United Teachers of Los Angeles (UTLA) just had one of its most contested elections ever for its decision-making body, the House of Representatives. 396 candidates fought for 209 positions, with 100 seats taken by rookie representatives, according to the LA Times. Many of these new delegates were sponsored by outside groups, like Educators 4 Excellence and Teach Plus. Another sponsoring organization, Teachers for a New Unionism, is headed by Mike Stryer, former activist with NewTLA, a conservative opposition movement that formed within UTLA a few years ago.
Each of these groups receives funding from free market education reform nonprofits, including the Gates Foundation and each wants to make the union focus more on the “interests of students” (weakening teachers’ job protections and working conditions). They have also been strong backers of Value Added evaluations and abolishing or weakening seniority.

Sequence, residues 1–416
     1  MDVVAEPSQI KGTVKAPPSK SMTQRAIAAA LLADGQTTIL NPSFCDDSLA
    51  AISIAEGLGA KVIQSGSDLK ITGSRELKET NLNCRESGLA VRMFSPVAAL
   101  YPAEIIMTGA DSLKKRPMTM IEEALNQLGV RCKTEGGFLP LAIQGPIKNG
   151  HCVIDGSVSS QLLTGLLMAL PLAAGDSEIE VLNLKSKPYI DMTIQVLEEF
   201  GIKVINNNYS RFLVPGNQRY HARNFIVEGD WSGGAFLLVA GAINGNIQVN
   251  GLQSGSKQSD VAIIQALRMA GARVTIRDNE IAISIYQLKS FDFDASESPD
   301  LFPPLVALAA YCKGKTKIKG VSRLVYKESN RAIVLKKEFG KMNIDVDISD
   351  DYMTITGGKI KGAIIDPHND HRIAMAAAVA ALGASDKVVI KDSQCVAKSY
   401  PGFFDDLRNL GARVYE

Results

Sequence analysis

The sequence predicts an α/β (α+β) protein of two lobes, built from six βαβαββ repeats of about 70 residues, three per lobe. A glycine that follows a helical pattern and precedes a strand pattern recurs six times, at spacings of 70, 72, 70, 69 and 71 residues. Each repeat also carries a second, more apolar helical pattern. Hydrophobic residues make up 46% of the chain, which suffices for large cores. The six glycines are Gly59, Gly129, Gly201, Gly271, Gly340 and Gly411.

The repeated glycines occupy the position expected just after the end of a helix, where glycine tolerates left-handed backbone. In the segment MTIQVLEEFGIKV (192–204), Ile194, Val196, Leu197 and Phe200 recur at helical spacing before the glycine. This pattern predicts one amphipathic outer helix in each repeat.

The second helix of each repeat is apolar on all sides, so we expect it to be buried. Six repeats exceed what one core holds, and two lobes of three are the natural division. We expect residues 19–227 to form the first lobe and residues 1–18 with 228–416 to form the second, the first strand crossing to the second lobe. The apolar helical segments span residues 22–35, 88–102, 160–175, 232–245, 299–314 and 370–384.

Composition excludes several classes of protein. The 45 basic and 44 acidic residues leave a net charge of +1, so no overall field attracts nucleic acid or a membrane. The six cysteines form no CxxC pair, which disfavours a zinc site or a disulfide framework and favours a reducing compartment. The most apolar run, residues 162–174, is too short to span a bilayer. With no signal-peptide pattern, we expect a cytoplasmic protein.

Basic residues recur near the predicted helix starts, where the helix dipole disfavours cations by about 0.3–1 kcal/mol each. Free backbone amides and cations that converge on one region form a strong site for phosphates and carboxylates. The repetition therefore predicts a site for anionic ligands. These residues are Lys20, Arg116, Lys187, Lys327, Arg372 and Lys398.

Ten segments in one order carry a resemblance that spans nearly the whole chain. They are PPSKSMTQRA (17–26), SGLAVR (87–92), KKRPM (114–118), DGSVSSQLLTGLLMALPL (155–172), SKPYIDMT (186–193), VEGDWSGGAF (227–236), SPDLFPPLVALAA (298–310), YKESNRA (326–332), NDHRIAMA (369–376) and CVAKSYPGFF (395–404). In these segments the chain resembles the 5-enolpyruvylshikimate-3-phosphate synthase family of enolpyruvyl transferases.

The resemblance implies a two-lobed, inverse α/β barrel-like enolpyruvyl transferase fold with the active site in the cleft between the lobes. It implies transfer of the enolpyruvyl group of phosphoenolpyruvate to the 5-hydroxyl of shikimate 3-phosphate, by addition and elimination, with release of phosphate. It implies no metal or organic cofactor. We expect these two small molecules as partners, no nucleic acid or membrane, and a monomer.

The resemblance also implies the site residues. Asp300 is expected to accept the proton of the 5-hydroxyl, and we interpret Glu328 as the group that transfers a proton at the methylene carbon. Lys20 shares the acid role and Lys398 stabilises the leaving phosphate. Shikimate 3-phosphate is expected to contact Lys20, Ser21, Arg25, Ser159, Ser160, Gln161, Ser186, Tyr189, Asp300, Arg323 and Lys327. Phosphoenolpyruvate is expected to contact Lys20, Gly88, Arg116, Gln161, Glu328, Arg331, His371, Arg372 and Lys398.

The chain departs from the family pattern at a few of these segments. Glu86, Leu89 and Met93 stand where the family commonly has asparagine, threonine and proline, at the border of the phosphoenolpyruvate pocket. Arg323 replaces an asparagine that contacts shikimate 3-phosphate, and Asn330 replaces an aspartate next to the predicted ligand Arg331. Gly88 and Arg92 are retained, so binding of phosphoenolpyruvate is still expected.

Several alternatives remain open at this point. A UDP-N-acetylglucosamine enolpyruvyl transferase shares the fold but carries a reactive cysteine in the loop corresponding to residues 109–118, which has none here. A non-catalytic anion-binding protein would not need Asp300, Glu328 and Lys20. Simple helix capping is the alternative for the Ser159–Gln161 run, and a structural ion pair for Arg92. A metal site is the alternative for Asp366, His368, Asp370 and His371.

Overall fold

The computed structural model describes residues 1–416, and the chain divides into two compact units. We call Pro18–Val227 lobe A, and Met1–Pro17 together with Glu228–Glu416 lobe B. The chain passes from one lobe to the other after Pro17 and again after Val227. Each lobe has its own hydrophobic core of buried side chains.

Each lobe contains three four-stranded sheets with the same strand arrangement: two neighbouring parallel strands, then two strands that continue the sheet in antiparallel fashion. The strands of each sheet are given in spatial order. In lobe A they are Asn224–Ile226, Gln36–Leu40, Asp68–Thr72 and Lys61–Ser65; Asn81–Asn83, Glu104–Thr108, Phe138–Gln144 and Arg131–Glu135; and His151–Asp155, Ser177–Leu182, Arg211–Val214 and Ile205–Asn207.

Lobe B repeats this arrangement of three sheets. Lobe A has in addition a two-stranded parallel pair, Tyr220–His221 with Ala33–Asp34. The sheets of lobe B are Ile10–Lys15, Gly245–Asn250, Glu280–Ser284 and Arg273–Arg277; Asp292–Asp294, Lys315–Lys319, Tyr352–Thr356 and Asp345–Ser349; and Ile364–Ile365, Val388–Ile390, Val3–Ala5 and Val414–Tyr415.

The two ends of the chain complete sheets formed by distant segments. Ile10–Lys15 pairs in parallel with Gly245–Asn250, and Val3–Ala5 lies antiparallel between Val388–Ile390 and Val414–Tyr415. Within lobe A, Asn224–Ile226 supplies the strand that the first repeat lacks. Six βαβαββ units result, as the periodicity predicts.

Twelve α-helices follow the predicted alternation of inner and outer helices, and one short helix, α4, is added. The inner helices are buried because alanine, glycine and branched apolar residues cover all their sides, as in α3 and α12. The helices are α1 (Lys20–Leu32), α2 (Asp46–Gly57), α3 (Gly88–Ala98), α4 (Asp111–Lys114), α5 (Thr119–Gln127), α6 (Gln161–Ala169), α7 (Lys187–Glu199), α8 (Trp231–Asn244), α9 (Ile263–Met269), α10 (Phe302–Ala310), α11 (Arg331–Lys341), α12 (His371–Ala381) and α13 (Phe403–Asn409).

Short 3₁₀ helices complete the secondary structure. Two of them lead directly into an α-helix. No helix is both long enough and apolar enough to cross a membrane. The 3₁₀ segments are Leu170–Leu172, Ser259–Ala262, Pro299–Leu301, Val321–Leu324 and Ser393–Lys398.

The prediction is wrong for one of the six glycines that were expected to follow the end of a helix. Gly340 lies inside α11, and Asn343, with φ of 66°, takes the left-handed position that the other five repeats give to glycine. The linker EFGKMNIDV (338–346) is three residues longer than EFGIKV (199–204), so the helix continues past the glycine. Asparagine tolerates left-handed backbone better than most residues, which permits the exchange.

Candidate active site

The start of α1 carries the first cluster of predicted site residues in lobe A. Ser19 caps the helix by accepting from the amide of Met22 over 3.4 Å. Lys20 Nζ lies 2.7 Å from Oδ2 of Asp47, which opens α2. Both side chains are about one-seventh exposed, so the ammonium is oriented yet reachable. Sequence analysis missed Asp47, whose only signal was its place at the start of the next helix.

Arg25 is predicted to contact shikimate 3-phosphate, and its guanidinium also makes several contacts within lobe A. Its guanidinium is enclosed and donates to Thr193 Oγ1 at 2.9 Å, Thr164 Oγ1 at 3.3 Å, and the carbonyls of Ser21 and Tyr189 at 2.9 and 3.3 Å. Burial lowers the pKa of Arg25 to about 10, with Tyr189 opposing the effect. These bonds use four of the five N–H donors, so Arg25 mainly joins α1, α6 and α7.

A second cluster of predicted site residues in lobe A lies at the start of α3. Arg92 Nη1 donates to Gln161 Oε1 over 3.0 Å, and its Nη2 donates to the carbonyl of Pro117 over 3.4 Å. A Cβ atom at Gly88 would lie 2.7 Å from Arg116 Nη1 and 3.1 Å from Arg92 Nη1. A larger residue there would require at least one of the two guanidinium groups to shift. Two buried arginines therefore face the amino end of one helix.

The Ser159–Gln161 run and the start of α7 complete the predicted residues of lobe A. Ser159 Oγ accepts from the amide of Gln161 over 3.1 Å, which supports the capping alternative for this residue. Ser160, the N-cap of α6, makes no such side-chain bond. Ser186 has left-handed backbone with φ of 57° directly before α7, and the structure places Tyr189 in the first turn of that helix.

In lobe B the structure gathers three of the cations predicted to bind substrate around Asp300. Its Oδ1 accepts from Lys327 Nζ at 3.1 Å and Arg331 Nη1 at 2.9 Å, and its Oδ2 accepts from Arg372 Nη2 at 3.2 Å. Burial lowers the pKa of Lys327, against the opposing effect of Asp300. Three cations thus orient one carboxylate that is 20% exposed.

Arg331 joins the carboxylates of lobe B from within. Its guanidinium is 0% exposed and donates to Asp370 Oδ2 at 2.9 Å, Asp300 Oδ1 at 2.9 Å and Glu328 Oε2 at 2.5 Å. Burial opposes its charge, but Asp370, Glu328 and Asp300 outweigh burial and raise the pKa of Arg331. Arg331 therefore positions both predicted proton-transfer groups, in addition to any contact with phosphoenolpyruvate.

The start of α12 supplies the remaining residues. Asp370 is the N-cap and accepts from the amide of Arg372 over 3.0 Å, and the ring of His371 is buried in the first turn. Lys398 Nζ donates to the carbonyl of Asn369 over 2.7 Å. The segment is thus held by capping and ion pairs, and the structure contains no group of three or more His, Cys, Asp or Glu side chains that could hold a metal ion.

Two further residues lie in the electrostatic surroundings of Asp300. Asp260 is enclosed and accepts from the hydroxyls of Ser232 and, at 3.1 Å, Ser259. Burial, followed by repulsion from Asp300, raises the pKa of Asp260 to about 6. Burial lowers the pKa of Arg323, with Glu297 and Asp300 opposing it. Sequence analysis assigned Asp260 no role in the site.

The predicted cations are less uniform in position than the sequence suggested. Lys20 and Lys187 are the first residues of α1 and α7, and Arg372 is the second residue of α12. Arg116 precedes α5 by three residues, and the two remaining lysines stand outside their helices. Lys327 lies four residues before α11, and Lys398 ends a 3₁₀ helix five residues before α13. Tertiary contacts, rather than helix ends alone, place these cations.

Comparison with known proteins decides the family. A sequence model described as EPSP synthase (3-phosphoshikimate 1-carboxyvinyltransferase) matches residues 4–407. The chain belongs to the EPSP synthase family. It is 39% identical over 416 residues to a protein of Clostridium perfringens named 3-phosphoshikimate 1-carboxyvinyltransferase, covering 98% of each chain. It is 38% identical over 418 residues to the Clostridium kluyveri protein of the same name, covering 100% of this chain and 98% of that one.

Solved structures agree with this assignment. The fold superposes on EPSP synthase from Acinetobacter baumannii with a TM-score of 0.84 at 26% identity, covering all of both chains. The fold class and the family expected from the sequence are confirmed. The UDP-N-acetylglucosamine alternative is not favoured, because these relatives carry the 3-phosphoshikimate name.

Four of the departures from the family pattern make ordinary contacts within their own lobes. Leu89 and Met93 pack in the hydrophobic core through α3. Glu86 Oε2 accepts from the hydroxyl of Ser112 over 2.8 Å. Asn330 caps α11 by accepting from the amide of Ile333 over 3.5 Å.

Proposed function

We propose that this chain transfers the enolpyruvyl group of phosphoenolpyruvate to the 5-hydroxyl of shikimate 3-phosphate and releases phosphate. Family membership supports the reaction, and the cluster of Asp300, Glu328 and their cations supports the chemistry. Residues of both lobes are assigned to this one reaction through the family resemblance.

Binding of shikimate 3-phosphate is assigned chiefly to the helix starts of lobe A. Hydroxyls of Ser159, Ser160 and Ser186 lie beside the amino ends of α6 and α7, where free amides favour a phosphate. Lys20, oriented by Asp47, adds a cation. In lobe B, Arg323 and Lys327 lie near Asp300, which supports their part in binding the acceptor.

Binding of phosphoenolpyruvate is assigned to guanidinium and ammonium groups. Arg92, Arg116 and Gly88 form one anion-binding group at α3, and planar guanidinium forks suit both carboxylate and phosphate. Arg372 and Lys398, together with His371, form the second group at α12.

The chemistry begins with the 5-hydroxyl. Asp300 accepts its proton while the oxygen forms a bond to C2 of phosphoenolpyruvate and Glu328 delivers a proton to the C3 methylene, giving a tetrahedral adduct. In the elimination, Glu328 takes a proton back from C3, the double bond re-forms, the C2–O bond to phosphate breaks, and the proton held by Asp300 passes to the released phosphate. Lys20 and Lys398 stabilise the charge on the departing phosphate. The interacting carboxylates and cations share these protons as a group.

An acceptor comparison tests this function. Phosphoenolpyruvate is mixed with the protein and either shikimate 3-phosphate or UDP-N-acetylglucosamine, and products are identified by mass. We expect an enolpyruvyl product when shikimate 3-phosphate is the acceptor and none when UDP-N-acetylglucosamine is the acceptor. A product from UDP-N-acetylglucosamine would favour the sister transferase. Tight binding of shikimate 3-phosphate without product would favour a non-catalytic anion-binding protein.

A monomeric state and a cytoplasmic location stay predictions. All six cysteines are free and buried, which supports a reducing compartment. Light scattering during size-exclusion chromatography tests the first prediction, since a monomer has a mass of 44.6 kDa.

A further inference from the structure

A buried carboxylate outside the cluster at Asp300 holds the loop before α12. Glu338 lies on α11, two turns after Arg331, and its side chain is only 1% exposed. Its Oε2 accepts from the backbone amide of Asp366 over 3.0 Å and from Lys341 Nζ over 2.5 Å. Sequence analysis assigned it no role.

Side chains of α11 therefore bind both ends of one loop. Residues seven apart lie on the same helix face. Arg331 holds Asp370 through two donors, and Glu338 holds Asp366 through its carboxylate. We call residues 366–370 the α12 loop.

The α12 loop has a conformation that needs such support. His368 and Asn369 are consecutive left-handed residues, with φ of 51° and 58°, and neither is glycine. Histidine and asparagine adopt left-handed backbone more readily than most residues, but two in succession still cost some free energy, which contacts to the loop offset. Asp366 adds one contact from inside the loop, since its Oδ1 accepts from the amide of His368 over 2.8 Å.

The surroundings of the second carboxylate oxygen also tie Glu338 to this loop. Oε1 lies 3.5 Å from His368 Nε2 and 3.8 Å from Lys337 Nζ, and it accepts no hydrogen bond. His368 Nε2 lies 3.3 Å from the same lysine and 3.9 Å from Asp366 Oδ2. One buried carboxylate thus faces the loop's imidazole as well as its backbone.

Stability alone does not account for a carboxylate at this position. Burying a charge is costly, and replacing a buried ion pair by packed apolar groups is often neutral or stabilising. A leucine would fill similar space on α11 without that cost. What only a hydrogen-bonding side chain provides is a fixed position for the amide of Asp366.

On the one hand, serious union activists and teachers should be concerned that corporate money is being used to undermine their organizing efforts. On the other hand, this really isn’t anything new. Employers routinely interfere in organizing efforts, harass organizers, punish or fire employees who engage in union activities, and bombard them with misinformation about unions. The bosses just hadn’t been so effective at fielding their own candidates in union elections.
At the same time, UTLA veterans and other union bureaucrats and dinosaurs should consider why so many young teachers are either disillusioned with their unions or allying themselves with corporate Ed Deformers. A union that effectively fights for the interests of all their members should have no problem winning younger teachers over to their side or convincing them of the naiveté and self-destructiveness of these corporate alliances. It is true that UTLA must counter an effective anti-union propaganda machine. However, UTLA, like most other teachers unions, has contributed to its own negative image by making so many compromises with the enemy while doing little to support young teachers, who are often the first to go during layoffs.
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